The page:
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Arctic Yearbook 2012
Collaborative Infrastructures: A Roadmap for International Cooperation in the Arctic
Collaborative Infrastructures
Many signs indicate that international cooperation is emerging as a dominant
modus operandi
in Arctic
geopolitics. The Norway-Russia boundary resolution is the clearest recent example, ending a 40-year
period of dispute over a 175,000 square kilometer area of the Barents Sea. Norway’s Storting
unanimously ratified the treaty in February 2011, with Russia’s ratification coming in a landslide vote
one month later. The agreement appears all the more remarkable in light of the considerable oil and
gas potential of the formerly disputed region. Seeds of the agreement had been sown years earlier as
each of the states recognized the strategic benefits of the resolution. In 2008, Jonas Gahr Støre,
Norway’s Minister of Foreign Affairs, emphasized cooperation with Russia on the prospect of
petroleum extraction:
Most of this activity has taken place in the Norwegian Sea, but the major potential is
on the Russian side. There are huge opportunities for cooperation…I have raised the
issue of infrastructure in my discussions with my Russian colleagues. Is the
infrastructure along the coast able to support the extensive offshore activities that are
expected to develop in this area? This is a good opportunity for the two coastal states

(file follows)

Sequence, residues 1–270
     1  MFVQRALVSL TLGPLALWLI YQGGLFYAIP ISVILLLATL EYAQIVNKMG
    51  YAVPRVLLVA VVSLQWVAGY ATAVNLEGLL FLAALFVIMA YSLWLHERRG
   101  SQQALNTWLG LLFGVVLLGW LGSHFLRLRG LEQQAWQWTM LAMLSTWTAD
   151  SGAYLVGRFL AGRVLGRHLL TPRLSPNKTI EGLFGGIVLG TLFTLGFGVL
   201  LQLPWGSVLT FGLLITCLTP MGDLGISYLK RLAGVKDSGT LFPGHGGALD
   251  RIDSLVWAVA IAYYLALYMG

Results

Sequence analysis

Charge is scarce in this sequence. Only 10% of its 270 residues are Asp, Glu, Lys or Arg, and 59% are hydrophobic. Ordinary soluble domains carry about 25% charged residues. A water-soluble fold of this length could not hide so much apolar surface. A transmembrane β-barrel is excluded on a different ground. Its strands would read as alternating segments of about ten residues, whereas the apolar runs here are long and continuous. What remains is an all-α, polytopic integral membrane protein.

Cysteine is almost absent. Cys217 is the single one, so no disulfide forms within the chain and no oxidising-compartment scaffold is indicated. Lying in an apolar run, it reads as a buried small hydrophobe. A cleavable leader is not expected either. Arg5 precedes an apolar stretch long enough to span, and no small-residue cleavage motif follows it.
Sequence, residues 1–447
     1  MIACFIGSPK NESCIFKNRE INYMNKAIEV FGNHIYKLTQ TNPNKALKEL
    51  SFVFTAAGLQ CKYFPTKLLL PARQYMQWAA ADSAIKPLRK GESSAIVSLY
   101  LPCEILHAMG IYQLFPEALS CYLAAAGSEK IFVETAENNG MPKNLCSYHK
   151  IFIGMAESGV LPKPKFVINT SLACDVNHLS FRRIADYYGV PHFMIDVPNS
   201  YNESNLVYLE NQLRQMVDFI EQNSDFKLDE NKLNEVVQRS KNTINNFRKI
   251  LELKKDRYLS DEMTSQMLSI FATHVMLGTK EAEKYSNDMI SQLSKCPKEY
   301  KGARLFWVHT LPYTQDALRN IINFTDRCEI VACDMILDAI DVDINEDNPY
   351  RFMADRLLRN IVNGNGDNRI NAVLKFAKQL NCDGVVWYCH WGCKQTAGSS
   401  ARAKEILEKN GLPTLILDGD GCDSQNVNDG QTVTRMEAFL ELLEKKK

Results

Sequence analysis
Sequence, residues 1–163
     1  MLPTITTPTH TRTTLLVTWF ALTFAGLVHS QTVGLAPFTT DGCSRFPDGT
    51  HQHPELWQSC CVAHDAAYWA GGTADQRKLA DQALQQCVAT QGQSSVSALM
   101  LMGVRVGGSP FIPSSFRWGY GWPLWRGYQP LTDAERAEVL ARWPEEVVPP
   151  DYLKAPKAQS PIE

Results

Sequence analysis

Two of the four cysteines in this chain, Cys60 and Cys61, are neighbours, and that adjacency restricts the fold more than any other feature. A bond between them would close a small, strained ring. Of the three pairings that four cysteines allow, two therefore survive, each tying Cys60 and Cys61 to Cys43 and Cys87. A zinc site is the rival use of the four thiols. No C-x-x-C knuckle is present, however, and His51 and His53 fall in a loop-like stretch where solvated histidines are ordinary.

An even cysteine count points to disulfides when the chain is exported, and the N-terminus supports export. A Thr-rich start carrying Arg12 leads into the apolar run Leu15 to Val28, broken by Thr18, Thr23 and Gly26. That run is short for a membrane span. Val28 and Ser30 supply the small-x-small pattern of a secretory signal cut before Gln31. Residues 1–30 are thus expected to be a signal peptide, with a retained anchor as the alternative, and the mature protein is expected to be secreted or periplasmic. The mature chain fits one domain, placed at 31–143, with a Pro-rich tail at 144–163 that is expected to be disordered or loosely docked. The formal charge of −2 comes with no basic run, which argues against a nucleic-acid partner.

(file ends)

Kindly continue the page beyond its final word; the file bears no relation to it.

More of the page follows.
to discuss what will be needed… (Støre, 2008: 13).
While not mentioning Norway specifically, the 2008 Russian Security Policy noted similar
opportunities for cooperation:
Russia develops forward practical cooperation with the Nordic countries, including the
implementation of a multilateral framework of joint cooperation projects in the
Barents Euro-Arctic Region and the Arctic as a whole, taking into account the interests
of indigenous peoples. (Government of Russia, 2008b)
Following the historic agreement, the theme of cooperation was again at the forefront of Minister
Støre’s January 2011 speech at the 5
Arctic Frontiers Conference:
The agreement is a clear reflection of the new dynamic in the Arctic. What was once a
frozen region in more than one sense is warming up to the prospects of reaping mutual
benefits through cooperation and agreements (Støre, 2011).
The Barents Sea is believed to contain some 3,700 million tons of oil equivalent (Moe and Rowe,
2008), equal to 33% of Russia’s proved oil reserves (BP, 2010). According to the boundary resolution
treaty, deposits that straddle the boundary line are to be regarded as an indivisible whole, and may
only be explored and developed jointly by the two countries (Socor, 2010). With such a substantial
prize at stake, it may seem unlikely that the two states would arrive at a resource-sharing agreement
so easily. However, Russia’s extraction capabilities lag significantly behind its announced offshore
platform needs (Moe and Lowe, 2008). Plans to develop the Prirazlomnoye field in the Pechora Sea